Or perhaps the park electrician was attempting to explain why a 50 amp breaker was tripping and he didn't use exactly correct grammar. It is entirely possible for large rigs to have appliances and systems that would draw over 50 amps if all the appliances were operating at the same time and the breakers (either the park's or the coach's main) did not trip. Saying that those rigs can draw more than 50 amps is entirely correct. However, if the breakers are working correctly the coach cannot draw more than 50 amps for more than a few seconds. (subject to the tolerances allowed in manufacture and the delays built into the specifications of the breaker). The campground electrician was probably correct in what he was attempting to communicate, even if his verbiage was less than 100% accurate.

time2roll

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Posted: 07/31/20 08:26am Link  |  Quote  |  Print  |  Notify Moderator

12,000 watts sure. 100 amps on any wire would trip the breaker.

Otherwise you may as well talk in battery power and say it pulls 1000 amps [emoticon]


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Lynnmor

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Posted: 07/31/20 08:56am Link  |  Quote  |  Print  |  Notify Moderator

Charlie D. wrote:

Lynnmor wrote:

Calling the guy an ignorant idiot is just plain wrong. It is entirely possible that a large RV with 3 AC's to draw more than 50 AMPs on one leg. An RV with 3 AC's probably has a laundry, large refrigerator and possibly a dishwasher and numerous other appliances. It doesn't matter how much the other leg is drawing, the breaker trips if just one exceeds 50 AMP.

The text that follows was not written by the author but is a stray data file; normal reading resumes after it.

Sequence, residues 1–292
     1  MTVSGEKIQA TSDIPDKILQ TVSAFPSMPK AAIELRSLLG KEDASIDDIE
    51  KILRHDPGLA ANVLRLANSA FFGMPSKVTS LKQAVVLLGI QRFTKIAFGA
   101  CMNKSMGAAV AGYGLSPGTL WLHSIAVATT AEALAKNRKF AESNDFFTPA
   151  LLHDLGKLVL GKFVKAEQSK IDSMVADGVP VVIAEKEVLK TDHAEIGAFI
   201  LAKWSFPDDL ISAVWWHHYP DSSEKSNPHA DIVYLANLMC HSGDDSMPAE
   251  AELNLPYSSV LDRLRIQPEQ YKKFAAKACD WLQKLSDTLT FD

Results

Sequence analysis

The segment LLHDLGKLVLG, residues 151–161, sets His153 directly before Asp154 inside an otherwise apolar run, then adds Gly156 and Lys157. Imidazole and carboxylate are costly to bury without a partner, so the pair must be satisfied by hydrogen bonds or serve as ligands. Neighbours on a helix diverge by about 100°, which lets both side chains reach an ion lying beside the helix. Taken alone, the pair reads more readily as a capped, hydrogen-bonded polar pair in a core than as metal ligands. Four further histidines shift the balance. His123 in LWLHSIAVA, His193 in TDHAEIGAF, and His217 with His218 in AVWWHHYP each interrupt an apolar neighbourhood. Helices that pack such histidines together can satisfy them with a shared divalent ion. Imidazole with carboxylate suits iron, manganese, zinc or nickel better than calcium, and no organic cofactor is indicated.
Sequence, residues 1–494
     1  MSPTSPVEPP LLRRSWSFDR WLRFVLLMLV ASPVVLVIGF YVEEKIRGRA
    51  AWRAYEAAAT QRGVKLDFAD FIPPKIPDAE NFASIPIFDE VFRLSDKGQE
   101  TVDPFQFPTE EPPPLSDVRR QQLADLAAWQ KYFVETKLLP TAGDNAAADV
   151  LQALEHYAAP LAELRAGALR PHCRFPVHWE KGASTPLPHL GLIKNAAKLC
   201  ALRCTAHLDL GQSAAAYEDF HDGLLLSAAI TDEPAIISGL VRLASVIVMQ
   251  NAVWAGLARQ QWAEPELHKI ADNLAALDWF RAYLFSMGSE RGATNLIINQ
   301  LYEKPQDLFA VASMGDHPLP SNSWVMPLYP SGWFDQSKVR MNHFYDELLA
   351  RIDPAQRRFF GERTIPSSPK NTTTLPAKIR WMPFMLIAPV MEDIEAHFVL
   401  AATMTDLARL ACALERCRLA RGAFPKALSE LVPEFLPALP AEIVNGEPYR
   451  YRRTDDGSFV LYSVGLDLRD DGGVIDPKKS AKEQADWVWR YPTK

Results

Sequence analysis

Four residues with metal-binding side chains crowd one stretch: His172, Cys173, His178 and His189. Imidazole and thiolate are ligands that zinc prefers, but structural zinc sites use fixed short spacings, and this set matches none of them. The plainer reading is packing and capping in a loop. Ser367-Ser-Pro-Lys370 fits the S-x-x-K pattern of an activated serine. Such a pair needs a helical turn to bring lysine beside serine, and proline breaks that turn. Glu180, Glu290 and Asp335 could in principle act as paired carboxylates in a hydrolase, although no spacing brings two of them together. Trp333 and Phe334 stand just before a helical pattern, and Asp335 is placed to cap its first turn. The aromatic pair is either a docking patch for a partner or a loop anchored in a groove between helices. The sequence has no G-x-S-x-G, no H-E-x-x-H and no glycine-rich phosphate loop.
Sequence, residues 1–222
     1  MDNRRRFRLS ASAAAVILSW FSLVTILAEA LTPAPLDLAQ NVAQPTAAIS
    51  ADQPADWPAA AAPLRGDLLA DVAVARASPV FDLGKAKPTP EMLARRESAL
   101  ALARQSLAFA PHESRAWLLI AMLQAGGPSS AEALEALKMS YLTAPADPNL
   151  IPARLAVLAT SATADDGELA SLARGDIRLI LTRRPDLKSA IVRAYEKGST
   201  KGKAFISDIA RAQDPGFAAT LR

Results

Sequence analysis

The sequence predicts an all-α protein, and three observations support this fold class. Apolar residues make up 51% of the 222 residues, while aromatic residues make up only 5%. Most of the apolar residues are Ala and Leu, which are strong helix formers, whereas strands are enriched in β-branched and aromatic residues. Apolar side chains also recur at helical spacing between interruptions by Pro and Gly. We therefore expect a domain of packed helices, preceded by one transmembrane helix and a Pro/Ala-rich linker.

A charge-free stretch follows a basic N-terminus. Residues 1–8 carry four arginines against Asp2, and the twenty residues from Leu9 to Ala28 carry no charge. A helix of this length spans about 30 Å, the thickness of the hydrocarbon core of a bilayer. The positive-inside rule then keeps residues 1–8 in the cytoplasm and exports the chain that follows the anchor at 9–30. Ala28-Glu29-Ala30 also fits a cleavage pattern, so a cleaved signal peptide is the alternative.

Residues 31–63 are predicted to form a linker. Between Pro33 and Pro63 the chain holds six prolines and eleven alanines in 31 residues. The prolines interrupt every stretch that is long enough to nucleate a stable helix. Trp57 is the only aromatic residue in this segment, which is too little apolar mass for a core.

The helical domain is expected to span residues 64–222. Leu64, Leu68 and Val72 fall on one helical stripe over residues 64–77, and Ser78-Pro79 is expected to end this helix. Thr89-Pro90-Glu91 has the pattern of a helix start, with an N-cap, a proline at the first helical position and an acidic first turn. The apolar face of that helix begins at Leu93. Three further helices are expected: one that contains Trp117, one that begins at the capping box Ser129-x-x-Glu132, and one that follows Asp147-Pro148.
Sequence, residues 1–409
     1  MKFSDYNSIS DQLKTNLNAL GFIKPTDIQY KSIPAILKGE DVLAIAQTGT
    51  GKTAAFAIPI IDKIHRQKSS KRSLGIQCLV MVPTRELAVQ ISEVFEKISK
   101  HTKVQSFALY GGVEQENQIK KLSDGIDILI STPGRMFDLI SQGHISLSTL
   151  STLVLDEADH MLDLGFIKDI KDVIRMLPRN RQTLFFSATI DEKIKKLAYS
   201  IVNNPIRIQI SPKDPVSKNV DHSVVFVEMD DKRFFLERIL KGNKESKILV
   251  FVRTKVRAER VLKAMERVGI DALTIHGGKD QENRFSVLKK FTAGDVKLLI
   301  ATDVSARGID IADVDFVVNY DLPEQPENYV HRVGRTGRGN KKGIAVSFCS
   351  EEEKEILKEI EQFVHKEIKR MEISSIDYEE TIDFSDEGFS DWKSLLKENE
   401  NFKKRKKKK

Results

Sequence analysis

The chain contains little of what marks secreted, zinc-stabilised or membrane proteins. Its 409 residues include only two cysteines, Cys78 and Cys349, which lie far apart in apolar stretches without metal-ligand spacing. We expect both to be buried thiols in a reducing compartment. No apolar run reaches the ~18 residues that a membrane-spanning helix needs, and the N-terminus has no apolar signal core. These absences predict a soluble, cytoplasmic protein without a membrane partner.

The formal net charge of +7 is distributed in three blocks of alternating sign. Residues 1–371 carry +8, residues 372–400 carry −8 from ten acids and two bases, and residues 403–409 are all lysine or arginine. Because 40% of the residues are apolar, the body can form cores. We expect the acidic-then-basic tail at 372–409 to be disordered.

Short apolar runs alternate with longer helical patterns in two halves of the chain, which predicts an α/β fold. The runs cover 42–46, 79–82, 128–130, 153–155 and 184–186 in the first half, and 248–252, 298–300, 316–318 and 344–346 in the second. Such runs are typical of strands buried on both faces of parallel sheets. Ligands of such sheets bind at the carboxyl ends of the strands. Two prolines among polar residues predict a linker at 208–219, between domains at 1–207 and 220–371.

Would not the AC be divided and not all on one leg?


Of course, but there will be at least two on one leg.

pianotuna

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Posted: 07/31/20 09:09am Link  |  Quote  |  Print  |  Notify Moderator

Ask what conditions are necessary to cause a breaker to trip.

There are two ways for breakers to trip. One is thermal where the heat build up from running near or at full capacity for some time causes the trip. The other is a "magnetic" trip where the amp rating is exceeded for a time. We don't want nuisance trips from, for example, start up surge from the air conditioner.

So yes, for brief periods of time, a 50 amp service may exceed the rated values.


Regards, Don